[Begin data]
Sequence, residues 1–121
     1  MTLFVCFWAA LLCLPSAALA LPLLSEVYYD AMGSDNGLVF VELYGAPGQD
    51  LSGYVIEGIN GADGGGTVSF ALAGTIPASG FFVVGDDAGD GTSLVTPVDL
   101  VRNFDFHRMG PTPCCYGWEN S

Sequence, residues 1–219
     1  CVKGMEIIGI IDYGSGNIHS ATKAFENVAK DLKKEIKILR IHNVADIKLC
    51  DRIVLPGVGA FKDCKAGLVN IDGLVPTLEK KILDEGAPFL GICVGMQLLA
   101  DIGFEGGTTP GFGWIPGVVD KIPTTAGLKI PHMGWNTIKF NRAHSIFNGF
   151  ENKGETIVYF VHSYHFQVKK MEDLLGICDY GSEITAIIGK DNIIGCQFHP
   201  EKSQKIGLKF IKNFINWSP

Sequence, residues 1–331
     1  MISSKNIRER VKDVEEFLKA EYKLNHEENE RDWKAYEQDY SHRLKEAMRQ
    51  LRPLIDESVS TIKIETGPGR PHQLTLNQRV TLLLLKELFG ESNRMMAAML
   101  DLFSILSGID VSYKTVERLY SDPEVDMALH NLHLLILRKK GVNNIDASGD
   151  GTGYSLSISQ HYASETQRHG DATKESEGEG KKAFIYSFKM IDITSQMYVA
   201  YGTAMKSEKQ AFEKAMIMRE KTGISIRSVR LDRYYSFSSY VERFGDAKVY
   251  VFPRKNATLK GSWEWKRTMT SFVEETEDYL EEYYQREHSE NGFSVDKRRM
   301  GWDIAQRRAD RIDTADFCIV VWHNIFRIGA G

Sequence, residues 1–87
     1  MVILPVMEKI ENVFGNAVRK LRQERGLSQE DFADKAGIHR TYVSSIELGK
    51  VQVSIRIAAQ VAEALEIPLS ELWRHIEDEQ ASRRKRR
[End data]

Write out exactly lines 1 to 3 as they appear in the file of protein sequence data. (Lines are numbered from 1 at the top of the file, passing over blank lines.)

Sequence, residues 1–121
     1  MTLFVCFWAA LLCLPSAALA LPLLSEVYYD AMGSDNGLVF VELYGAPGQD
    51  LSGYVIEGIN GADGGGTVSF ALAGTIPASG FFVVGDDAGD GTSLVTPVDL